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VIVO Looks To Next-Gen Scholarship And Its Interconnected Future

By   /  October 1, 2012  /  No Comments

VIVO, a semantic information representation system that enables collaboration among scientists across all disciplines, has had a busy summer: The open source project to facilitate the advancement of research and discovery by integrating information about scholars, their activities, and outputs, gained a more permanent home in the DuraSpace Incubator, ensuring a way to continue activities after its NIH grant continuation year ran out. It saw the publication of VIVO: A Semantic Approach to Scholarly Networking and Discovery. And Northwestern University brought its researchers together in a single hub called Northwestern Scholars, an implementation of Elsevier’s SciVal Experts research networking tool (see our story here).

The future is looking pretty bright, too. “We are very interested in funding, research resources, scholarly works, scholars and data sets,” says Mike Conlon, primary investigator of the VIVO project. “As the world moves forward, these things are all inter-related, but that’s been very blurry, especially to organizations and institutions.” Funding agencies, for example, want to know what work was produced as a result of its grants to a major center. It no longer is just a question of who wrote a paper, but who funded it, what tools were behind it, and how was the data produced, and how all these things inter-relate in a scholarly data system.

“Connecting these things becomes the work of the future,” says Conlon.

The VIVO data models can handle that, letting users put the central focus on their own world views to see how other things in the network connect to it. “If your world view is the Large Hadron Collider, you could put that in the middle, see the funding into it, the investigators who worked on it, all those things related to research resources.” That’s a way to help address issues of accountability, of productivity, and of linkage – of people understanding what leads to what, he explains.

There are three ways to implement VIVO as a semantic source of interchangeable data for scholarship around the world: By downloading VIVO’s open source software; by using different software that puts out semantic web data using the VIVO ontology; or using a commercial product that collects information for a specific purpose, such as activity reporting, but also results in the institution having enough information to put up a VIVO. “They get the extra benefits for faculty, like research discovery across the institution and eventually the world, and they can provide data in an open and exchangeable format that the institution went to all the trouble to collect,” Conlon says.

The three approaches have led today to there being more than 100 systems in implementation heading for production of VIVO standard data, he says.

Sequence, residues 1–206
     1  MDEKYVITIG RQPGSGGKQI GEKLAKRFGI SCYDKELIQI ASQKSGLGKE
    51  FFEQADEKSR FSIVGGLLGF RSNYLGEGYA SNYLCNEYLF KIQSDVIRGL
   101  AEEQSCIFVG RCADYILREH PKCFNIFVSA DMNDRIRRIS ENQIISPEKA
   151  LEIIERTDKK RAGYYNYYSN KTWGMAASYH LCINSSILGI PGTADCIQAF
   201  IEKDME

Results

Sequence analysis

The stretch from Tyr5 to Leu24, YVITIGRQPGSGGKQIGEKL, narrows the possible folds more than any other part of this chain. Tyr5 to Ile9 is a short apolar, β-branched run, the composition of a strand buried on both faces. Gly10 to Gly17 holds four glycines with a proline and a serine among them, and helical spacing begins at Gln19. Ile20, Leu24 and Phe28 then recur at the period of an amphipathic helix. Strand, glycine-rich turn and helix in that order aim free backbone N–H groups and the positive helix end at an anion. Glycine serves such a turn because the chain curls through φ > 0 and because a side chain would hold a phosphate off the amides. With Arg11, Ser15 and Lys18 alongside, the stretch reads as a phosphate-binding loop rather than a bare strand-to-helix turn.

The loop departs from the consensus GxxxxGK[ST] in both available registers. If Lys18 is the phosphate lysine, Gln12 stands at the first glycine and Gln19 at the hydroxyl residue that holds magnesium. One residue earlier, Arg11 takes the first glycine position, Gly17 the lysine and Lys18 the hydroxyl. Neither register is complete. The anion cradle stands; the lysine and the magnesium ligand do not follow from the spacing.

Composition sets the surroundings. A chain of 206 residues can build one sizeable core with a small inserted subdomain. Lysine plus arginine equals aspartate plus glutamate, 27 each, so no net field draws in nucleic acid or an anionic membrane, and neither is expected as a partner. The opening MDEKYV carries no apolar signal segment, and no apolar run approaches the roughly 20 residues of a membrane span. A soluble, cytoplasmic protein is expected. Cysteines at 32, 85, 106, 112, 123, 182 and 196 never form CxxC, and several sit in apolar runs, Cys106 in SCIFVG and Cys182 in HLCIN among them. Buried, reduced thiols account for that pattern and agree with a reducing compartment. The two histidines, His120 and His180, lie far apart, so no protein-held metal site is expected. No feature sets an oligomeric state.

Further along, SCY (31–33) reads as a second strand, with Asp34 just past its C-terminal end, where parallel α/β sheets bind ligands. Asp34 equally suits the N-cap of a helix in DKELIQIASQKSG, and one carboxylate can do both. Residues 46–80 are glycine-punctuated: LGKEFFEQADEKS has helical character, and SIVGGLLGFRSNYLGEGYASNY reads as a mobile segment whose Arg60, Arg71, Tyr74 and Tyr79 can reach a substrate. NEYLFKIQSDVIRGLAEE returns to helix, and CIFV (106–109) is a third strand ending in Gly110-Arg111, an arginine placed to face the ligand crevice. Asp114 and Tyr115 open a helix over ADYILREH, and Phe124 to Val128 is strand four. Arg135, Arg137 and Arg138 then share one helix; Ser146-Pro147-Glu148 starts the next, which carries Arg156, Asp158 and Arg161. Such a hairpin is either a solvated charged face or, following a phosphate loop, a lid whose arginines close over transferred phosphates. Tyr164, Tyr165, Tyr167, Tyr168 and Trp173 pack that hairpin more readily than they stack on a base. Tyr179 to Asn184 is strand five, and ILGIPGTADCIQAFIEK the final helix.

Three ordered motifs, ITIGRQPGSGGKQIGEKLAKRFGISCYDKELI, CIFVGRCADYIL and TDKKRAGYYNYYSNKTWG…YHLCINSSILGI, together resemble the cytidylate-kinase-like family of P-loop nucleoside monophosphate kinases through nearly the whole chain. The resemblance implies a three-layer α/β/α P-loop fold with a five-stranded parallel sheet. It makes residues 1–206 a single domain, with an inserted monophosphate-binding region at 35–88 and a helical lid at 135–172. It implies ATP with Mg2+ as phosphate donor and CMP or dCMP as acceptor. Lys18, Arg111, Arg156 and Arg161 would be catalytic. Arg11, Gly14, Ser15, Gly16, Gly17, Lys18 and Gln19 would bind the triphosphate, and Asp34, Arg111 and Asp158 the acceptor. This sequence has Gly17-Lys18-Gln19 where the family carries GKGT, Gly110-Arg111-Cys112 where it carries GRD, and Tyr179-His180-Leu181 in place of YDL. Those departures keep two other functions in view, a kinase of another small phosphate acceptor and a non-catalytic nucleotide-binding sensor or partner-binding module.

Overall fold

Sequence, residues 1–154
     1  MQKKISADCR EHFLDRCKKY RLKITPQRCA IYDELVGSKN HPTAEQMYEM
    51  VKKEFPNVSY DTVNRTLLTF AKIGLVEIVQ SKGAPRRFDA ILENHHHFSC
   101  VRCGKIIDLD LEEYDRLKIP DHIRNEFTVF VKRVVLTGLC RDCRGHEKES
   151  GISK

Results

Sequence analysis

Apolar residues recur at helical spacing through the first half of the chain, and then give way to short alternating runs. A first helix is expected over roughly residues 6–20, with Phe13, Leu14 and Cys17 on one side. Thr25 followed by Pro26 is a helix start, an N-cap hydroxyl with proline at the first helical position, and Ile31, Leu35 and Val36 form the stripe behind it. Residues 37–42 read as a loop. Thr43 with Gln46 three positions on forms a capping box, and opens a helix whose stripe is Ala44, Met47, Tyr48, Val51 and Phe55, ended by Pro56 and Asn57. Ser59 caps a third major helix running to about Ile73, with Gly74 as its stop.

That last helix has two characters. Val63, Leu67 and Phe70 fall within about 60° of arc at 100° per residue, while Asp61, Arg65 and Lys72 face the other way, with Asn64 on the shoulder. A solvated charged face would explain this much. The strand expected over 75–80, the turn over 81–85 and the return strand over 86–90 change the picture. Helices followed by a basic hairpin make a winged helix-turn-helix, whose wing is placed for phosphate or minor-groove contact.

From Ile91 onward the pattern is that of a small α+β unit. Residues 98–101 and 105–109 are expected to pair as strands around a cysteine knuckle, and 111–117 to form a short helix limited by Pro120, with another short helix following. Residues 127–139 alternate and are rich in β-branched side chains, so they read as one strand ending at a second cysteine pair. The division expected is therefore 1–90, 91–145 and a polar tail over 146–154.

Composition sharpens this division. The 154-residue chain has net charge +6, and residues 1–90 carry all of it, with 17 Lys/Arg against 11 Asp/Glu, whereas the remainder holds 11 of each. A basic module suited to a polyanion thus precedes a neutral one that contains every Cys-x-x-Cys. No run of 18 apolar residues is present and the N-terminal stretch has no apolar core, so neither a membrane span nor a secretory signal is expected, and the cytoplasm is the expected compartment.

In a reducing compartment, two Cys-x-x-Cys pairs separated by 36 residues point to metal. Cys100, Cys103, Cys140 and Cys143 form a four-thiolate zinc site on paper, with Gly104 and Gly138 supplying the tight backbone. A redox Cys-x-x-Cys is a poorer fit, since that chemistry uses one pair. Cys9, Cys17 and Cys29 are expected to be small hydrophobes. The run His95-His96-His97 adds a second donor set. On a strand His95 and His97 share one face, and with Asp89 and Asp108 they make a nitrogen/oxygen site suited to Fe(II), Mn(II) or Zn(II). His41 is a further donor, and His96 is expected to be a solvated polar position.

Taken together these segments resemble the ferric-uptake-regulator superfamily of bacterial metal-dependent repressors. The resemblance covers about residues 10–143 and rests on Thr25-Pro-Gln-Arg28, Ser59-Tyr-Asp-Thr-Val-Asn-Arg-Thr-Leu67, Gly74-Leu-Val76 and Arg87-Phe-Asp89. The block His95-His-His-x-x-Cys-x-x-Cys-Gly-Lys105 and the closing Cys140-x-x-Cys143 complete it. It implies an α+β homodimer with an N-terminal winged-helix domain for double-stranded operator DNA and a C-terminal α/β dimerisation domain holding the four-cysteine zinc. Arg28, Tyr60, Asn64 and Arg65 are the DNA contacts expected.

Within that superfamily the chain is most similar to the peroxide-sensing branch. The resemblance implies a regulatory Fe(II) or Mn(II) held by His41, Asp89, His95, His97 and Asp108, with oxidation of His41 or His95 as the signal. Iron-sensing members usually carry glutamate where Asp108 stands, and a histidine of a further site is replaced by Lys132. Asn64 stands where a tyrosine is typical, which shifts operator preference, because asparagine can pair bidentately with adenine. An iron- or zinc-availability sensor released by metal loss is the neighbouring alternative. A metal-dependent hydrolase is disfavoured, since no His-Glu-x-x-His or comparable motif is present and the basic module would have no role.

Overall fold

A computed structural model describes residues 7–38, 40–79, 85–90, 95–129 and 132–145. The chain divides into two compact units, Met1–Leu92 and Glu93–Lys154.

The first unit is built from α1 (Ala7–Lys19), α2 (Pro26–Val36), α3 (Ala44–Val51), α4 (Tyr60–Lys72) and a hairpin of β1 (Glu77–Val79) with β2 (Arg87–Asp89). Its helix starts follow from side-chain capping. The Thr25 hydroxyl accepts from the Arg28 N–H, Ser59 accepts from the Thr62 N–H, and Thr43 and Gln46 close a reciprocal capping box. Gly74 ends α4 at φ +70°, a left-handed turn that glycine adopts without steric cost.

In fact, euroCRIS, the European Organization for International Research Information, is aligning data models so that when it talks about research information systems, its data model and VIVO’s are fully in sync.

Next-Gen Scholarship

VIVO is also helping to push forward next-generation, semantic-web enabled scholarship so that new concepts like micro-attribution can be facilitated. Micro-attribution is telling exactly how authors of a paper contributed to a project – whether it was producing particular data, having a sub-role in producing data, curating the data, tuning certain equipment – to facilitate research partnerships. “There is an unbelievable goldmine for building teams, building next-generation recommendation systems through scholarship to build projects up,” he says. In fact, there is active collaboration with the SONIC (Science of Networks in Communicaties) Laboratory at Northwestern where a recommendation system, the C-IKNOW VIVO, is being developed based on data produced by VIVO.

Another giant concept in the VIVO community, he says, is that of nanopublication. “The idea is we take the scientific work and deconstruct it into the actual scientific assertions being made,” Conlon says. Papers are full of assertions – those made to show the scientists took the right steps, those that are repetitions of facts already known, and those that are actual new assertions, he notes.

“So we can bust the paper to its assertions and tie it together using the semantic framework – then we can say there are very high provenance assertions around particular scientific assertions, or these assertions have been made 8,000 times and are well accepted. And these others are new, and maybe not made by people we know well or whose provenance is high, but they are appearing over and over again and we are starting to build some evidence these things may be true,” he says.

What matters more than the number of papers a scientist writes, because papers are full or repetitions, but “how many new things he had to say and what becomes part of the canon,” Conlon explains.  “That’s what establishes that person’s reputation in the field.”


About the author

Jennifer Zaino is a New York-based freelance writer specializing in business and technology journalism. She has been an executive editor at leading technology publications, including InformationWeek, where she spearheaded an award-winning news section, and Network Computing, where she helped develop online content strategies including review exclusives and analyst reports. Her freelance credentials include being a regular contributor of original content to The Semantic Web Blog; acting as a contributing writer to RFID Journal; and serving as executive editor at the Smart Architect Smart Enterprise Exchange group. Her work also has appeared in publications and on web sites including EdTech (K-12 and Higher Ed), Ingram Micro Channel Advisor, The CMO Site, and Federal Computer Week.

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